A couple of years ago my mom proudly hauled the Pierce out of the garage with her "look what we saved for you" glee. You're wondering, as I did at the time, why she bothered, and why I brought the thing home. I don't know. Maybe the challenge of it overwhelmed me. Well, I pretty quickly figured out that a 3 foot high dollhouse was NOT going to fit in the back of the tiny sports car I was driving, and that some of it was going to have to come apart if I was going to get it home. As it turned out, a few good kicks at the joints and the walls came down easily. Good thing I hadn't used much glue when I originally assembled it.

So I got it home, and started re-building the house on the table next to the Harrison (which I haven't touched since...) Some of the exterior walls had warped (probably due to the unidentified liquids it was exposed to) and I sucessfully damped them down and weighted the pieces on the garage floor until they were dry. Over the course of about two weeks I got the house to the stage you see here. I used spray primer on most of the pieces after they were sanded (first to remove dirt and stains, second to smooth and finish) fully expecting to cover all the wood surfaces. I mean, this is pretty low grade plywood, here, not the kind of stuff you stain and display. Most of the roof pieces are untouched, still showing discoloration and lumps of wood putty.

In the background is my partially assembled Harrison with a few rows of shingles on the roof. Note that the Pierce is being wired for electricity. We never did get the tape kit to function properly, sadly. It worked the first few times and died. At this point the stairway is in, but as unfinished as the rest of the house. I KNEW at the time I should finish it, but I was so far from beginning to imagine interior decorating that I passed on the opportunity.

Right around this time we were also being faced with eviction, as our landlady decided she wanted to sell the house, and since we had lived there long enough to know why we weren't going to buy it, we started planning to move. We did eventually find a place, but it had NO work space, and I pretty much had to leave both houses in a dark corner of the dining room for close to a year before anything more was done to them. During that time my housemates managed to periodically slam into the Harrison while walking through the room (tell me how grown men "accidentally" walk through a table with a huge model house on it), and ripped off most of the trim pieces.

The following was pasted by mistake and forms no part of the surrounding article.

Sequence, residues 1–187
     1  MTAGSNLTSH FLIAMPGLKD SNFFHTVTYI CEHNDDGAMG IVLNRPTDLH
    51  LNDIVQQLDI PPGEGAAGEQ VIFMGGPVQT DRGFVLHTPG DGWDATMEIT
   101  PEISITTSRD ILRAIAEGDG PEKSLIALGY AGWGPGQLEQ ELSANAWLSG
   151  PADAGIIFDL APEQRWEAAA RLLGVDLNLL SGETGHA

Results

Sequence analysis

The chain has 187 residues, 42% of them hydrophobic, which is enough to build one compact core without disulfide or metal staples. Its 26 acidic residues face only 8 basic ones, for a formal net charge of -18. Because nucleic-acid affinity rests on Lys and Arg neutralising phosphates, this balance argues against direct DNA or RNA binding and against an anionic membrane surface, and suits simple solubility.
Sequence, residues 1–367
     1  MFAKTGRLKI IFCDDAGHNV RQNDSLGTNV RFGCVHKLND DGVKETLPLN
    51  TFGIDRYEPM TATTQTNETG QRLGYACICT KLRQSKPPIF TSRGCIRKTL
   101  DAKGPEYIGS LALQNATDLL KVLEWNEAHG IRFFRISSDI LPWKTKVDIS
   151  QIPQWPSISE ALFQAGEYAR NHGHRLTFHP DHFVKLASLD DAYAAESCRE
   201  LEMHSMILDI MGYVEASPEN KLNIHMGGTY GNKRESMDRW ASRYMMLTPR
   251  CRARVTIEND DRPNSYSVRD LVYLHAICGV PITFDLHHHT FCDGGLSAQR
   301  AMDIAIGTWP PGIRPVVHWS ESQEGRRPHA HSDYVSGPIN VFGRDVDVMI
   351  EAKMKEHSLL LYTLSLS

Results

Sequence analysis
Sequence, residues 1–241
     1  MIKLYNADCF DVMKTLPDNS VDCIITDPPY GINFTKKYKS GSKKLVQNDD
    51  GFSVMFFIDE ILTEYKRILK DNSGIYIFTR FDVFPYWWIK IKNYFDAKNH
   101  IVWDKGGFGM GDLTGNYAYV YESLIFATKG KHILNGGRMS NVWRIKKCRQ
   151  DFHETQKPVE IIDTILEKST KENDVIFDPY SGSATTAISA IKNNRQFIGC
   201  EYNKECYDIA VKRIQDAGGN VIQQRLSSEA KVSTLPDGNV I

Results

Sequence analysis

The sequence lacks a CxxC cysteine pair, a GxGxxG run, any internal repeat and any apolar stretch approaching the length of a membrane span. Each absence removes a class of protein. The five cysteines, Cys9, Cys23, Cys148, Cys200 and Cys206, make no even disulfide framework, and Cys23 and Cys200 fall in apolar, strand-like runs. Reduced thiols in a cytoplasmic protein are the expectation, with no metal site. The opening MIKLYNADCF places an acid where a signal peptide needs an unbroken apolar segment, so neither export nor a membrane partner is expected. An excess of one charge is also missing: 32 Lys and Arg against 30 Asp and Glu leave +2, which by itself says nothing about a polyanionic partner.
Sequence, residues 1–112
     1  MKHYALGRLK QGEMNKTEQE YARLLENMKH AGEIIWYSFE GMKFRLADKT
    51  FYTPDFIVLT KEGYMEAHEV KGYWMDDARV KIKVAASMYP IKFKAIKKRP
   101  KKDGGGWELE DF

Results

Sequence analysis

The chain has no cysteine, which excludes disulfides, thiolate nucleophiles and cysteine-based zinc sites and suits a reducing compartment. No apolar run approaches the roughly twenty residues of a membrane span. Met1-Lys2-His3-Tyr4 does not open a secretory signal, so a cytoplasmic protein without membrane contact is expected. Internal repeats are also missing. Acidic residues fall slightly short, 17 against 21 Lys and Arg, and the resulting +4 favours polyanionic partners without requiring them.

Later that same year we moved again, this time to our own home, where I now have a big, well-lighted work area. I have re-purchased all the tools that got lost or "borrowed" in the moves, and started in on the houses again.

This is what it looks like now, from the outside. I have painted it dusty blue and it will have white trim around the windows. Most of the tab holes are patched, but some still need work. In this picture you can see the new shapes of the front and dining-room doors, where I will install standard commercially made products instead of the ones that came with the kit. The new doors make it obvious that the scale of the exterior detailing is not 1:12. This house is not so much a mansion as it is a summer cottage in size.



The Pierce

The Buttercup